Chipping away 0
Almost everywhere you go in Kapuskasing the last little while, you can hear people talking about the chipmunks. Not Alvin, Simon and Theodore, but the real variety, which seems to be becoming a very real problem for a number of homeowners and greenthumbs.
"We've caught six or seven," said one River Heights resident, who asked to remain anonymous because of his preferred method of inhumane traps.
This example is just one of over 18 that have been reported to The Times. Asked what residents were doing to try to get a handle on the situaiton, most replied that they had baited and trapped the critters with rat traps, then disposed of the carcasses.
"Nothing else seemed to be working," said one Northfield resident. "I bought some 'critter ridder' and put that down, then I watched one run right through the stuff, sit up, look at me and go back into his burrow."
Concerns with the chipmunks have mostly stemmed from massacred vegetable gardens. However, several residents have reported to The Times that they are also having issues with with the animals boroughing around their houses, which could cause issue with the exterior moisture membranes on houses.
Although very efficient at climbing trees, chipmunks are almost entirely dependent on an underground network of burrows. These burrows are important to chipmunks year round, not only as natal sites, but for sleeping, food storage, protection from the elements, and hibernation.
Chipmunks usually have two litters a year, one in the spring and one in mid-summer, with an average litter size of four or five young. Most authorities agree that chipmunks will maintain the same burrow for their entire lifespan.
Their tunnels tend to descend sharply for 15 to 20 cm and then after a more gradual descent to a depth of about 65 cm (26 inches). The tunnel "may continue parallel to the surface for up to 3 m before it terminates in an oval-shaped sleeping chamber," which is roughly 32 cm in diameter and lined with leaves.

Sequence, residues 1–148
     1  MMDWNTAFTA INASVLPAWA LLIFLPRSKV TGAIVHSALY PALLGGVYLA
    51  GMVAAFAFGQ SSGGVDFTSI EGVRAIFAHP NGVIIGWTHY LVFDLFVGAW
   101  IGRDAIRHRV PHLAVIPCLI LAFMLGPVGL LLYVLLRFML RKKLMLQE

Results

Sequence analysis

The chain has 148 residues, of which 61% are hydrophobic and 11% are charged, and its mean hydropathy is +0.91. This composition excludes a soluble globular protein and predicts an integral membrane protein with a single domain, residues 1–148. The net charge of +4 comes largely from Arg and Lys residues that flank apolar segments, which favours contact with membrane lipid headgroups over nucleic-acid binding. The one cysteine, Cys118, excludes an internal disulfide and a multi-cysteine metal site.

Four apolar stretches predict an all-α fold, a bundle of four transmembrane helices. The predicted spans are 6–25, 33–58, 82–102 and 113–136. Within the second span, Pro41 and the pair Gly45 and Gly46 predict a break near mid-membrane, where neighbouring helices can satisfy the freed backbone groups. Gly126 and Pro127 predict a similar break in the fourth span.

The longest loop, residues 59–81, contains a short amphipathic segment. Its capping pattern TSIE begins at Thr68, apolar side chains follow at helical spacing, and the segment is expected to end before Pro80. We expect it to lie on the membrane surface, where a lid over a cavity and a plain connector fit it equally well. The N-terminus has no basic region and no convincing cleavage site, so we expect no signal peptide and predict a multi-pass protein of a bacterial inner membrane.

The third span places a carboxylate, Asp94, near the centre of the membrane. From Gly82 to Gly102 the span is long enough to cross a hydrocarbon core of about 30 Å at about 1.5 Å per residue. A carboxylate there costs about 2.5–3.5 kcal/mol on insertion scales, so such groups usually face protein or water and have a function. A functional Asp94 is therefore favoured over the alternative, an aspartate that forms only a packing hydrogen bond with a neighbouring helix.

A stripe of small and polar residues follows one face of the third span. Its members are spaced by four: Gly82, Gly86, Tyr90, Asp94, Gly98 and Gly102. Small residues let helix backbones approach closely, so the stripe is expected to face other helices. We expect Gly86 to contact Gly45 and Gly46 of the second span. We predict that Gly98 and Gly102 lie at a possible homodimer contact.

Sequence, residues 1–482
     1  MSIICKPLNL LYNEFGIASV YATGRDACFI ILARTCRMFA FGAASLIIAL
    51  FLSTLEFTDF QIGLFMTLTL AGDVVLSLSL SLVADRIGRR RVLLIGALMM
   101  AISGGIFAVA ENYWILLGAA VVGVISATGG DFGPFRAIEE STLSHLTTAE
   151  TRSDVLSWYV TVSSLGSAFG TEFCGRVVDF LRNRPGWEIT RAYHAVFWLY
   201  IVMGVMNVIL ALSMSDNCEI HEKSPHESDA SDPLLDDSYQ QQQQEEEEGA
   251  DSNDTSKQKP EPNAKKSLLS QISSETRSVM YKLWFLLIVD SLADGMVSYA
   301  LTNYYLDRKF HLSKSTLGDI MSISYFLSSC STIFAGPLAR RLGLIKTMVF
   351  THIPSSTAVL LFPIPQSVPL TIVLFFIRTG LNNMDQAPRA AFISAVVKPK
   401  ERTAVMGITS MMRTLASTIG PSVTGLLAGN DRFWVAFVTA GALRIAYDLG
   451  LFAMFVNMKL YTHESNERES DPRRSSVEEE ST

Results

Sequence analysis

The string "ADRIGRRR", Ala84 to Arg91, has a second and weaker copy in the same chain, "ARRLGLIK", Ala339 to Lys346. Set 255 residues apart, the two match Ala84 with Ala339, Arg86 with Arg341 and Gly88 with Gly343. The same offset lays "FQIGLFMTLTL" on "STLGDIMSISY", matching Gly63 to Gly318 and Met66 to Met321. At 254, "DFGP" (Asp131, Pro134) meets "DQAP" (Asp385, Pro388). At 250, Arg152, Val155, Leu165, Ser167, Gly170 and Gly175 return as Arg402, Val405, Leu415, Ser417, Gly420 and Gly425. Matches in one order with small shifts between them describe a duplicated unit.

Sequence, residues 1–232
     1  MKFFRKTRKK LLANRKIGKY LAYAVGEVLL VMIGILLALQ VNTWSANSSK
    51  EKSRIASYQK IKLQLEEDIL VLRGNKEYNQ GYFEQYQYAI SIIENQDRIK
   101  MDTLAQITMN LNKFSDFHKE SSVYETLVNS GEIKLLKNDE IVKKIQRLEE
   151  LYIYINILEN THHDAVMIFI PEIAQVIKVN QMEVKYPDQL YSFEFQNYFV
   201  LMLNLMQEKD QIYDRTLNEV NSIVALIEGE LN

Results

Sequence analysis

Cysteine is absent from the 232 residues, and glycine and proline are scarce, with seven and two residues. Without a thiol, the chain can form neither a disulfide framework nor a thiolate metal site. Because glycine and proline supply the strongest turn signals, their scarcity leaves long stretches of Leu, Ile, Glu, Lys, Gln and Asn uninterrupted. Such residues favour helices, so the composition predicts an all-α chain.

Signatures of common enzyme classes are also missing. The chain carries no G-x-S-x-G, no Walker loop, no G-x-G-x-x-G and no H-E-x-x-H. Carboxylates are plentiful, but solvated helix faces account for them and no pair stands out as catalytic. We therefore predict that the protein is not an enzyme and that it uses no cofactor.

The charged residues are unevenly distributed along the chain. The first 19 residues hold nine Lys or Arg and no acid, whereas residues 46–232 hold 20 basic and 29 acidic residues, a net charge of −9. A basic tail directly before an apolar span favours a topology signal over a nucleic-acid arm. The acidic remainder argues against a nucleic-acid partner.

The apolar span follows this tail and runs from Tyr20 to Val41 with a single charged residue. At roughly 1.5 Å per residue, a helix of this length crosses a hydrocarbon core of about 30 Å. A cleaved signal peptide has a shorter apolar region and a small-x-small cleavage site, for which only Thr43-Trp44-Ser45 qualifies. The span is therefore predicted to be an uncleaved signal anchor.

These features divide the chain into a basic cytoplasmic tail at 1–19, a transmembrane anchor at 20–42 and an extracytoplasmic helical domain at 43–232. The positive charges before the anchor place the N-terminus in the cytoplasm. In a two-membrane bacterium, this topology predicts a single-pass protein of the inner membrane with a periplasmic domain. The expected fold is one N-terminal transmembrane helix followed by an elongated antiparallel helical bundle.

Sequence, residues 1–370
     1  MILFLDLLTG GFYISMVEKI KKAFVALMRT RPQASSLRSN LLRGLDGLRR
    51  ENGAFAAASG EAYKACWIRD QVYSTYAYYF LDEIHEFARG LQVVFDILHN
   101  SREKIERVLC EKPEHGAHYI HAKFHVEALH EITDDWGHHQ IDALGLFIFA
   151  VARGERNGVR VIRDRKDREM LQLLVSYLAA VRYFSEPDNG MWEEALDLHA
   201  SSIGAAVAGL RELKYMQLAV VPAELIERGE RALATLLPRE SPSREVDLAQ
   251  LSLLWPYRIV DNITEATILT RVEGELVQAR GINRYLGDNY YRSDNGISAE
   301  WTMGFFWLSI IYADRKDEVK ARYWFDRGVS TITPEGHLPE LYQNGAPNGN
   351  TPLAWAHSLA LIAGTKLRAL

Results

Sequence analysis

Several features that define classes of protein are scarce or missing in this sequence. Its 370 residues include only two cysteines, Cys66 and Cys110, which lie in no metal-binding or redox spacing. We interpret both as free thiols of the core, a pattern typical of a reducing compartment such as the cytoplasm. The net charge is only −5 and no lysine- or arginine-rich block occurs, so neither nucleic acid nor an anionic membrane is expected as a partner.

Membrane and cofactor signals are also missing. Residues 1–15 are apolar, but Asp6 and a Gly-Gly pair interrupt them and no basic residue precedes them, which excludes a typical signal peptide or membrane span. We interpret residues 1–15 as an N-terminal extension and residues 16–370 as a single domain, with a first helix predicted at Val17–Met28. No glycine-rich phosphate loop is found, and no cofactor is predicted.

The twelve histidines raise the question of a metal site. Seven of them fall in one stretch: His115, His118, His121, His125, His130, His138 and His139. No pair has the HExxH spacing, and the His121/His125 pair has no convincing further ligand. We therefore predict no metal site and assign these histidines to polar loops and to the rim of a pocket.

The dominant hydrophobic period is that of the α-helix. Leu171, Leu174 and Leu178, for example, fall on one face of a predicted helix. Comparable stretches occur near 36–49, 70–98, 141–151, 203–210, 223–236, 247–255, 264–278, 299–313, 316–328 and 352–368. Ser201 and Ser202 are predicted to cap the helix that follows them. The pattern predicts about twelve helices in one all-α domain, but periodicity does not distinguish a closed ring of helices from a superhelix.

Several websites offer other, humane ways of getting rid of the problem. These include repellents such as scents that mask human scent, are obnoxious to them or ones that cause them to think predators are in the area. Sprays made with garlic juice, hot pepper, or a powder of fox urine will cover human scent and drive them away. Something as simple as dog or cat feces will make chipmunks think there are predators in the area. Sprinkling bulbs with baby powder or bloodmeal will also repel chipmunks.
You may also capture the chipmunks in your yard with a live trap by baiting a small cage measuring 10 inches to 16 inches in length with a bait made from nuts, peanut butter or sunflower seeds. Once caught, the animal may be release into a rural area several miles away. Also remember that if you begin feeding the chipmunks they will return repeatedly.
"We always encourage people to use humane traps," said Mick Gauthier, an officer with the Ontario Ministry of Natural Resources' Invasive Species division. "But people are well within their rights to trap them with the rat traps to rid of them if that's the way they want or feel they have to go."
Asked whether or not Animal Control had received any calls regarding nuissance chipmunks, officer Estelle Bérubé said they had not, but qualified her response.
"No, but we don't deal with chipmunks and awful lot. A lot of people don't even think to call us for something like that, so just because we haven't gotten any calls about it doesn't mean there isn't a problem. But we only usually get a few calls about that kind of thing per year and these numbers sound pretty high," she commented. "We're not equipped to trap them, so we encourage people to use humane traps and relocate them."
Bérubé said humane traps small enough to nab chipmunks are available at Canadian Tire and most hardware stores, as are rat traps.